If you’ve got your heart set on a brush nib, then your best bet is to go with Ohuhu. They’re a fraction of the cost of Copics, whilst providing a similar level of quality. For the discerning eye, you can tell the difference, but unless you’re a professional artist who intends on selling the original artworks, Ohuhus should be fine for your needs. When photographing or scanning to make prints, the differences would be negligible, and you can still create amazing pieces without having to break the bank.
An important consideration when using alcohol markers is the paper that you’re working with. Because of the blending capabilities of alcohol markers, some papers won’t do justice to them. You want to avoid papers that absorb a lot of ink, as these will make it very difficult to blend colours smoothly, and will create streakiness. Instead, look for specific marker paper, or coated card. Xpress It blending card is perfect for use with alcohol markers, but is a bit expensive. Bristol Card is recommended if you want to choose a great paper whilst on a budget.
If you’re not planning on using the layering and blending capabilities of your alcohol markers, then you could go for less optimal papers. Just make sure that you choose something with decent thickness (ideally a minimum of 120 gsm), and be aware that the markers will probably bleed through, or at least ghost.
Layering and Blending
The main benefit that alcohol markers have over other art supplies is their unparalleled ability to blend whilst still looking striking. You can create stunning and purposeful gradients that look smooth and natural. You can also layer colours together to create nuanced hues that fit the subject matter you’re drawing.
When it comes to blending, the first step is to choose two colours that go together. If you’re using Copics, this is very easy. You simply find two pens in the same colour group, and then find a colour code that shares the same first digit. The way their numbering system works means that any two pens that fit that description will blend effortlessly together. If you’re using a different brand, then it may take a little trial and error. Try to look for pens that are similar in hue, but differ in brightness or saturation.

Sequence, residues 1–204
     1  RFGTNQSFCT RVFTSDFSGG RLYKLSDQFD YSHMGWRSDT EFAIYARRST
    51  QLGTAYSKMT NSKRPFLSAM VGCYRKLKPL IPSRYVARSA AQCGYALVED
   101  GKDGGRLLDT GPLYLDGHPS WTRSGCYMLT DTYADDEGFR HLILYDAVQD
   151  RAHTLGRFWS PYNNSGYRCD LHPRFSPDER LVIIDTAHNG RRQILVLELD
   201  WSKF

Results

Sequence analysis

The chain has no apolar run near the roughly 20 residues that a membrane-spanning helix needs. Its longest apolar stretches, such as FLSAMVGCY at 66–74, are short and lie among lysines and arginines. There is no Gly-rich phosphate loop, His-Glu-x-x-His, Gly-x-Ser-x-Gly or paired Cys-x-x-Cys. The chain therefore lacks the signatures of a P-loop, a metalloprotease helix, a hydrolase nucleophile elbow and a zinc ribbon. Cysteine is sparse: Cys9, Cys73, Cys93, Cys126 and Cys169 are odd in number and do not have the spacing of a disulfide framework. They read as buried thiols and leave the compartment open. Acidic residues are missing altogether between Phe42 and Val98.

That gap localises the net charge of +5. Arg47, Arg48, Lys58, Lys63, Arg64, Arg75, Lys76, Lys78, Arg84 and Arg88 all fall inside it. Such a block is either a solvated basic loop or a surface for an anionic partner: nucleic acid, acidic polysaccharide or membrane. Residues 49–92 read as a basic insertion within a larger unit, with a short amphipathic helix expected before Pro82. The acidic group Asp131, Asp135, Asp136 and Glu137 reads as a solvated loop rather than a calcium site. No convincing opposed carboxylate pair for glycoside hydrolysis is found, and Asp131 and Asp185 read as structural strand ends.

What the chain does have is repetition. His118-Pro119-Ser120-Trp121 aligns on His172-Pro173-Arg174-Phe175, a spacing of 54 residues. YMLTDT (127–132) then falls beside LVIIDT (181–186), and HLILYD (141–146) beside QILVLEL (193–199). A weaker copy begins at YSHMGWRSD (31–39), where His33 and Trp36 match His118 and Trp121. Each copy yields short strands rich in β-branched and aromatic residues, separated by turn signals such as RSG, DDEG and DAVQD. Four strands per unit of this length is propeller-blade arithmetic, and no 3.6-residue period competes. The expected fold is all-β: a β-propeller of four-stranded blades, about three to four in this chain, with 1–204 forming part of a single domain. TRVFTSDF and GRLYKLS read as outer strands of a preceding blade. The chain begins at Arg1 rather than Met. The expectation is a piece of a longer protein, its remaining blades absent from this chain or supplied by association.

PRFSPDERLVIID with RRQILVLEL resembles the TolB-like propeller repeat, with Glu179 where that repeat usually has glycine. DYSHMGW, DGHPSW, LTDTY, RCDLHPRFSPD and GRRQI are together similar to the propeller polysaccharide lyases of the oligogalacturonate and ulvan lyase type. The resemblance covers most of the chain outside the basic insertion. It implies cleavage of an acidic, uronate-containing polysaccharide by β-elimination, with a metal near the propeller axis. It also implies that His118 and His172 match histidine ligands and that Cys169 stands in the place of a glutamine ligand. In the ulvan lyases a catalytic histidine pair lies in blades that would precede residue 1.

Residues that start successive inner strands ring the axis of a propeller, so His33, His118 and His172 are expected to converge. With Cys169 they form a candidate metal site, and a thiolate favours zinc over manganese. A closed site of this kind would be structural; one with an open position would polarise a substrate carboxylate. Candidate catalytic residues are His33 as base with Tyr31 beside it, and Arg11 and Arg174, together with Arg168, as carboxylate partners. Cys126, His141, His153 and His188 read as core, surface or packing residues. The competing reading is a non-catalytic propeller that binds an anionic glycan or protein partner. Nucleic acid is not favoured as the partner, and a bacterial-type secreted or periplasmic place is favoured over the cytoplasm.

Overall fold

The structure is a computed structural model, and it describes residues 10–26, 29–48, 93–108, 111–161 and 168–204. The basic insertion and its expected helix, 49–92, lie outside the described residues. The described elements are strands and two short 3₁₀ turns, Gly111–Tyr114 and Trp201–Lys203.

Once you have your two pens, you want to lay them down next to each other, starting with the lighter colour. Then, using the lighter colour, start to drag the colour from the dark area into the lighter area. This process works much better if you’re using a brush nib as it will look a lot neater. Continue going back and forth in little circles until you’ve created a smooth gradient.
For layering, it’s a pretty simple process. If you want to create more vibrant hues, layer the colours whilst they’re still wet. If you want the hues to be more subtle or solid, then wait for the first layer to dry before adding the second layer. You usually want to lay down the darker colour first, then add the lighter colour on top, but this can depend on the context. For example, if you’re trying to create shadows on skin, then you would do the regular skin colour first, before adding a layer of a darker shade in the chosen areas.
If you don’t feel confident enough in your art skills to try advanced blending techniques, that doesn’t necessarily mean alcohol markers are not for you. They still create beautiful effects on the paper, and the ink is often very vibrant and rich. There also tend to be more colour options than with water based markers, and pastels will show up more vividly. You can get a lot of subtlety in the hues, and the markers themselves often feel very nice in your hands while working with them.
If you’re looking for a new way to bring life to your artwork, then alcohol markers could be precisely what you need in order to make your projects pop on the page!
Image Credits: Cover image and third in-article image are from the Copic Award entries.